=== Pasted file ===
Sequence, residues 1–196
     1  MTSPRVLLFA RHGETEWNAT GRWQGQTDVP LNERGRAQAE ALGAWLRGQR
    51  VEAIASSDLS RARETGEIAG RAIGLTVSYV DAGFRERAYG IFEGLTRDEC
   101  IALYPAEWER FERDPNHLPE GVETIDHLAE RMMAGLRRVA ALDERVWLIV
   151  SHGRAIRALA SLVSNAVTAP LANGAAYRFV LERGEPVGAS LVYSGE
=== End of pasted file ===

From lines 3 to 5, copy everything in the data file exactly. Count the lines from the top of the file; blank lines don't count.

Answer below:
    51  VEAIASSDLS RARETGEIAG RAIGLTVSYV DAGFRERAYG IFEGLTRDEC
   101  IALYPAEWER FERDPNHLPE GVETIDHLAE RMMAGLRRVA ALDERVWLIV
   151  SHGRAIRALA SLVSNAVTAP LANGAAYRFV LERGEPVGAS LVYSGE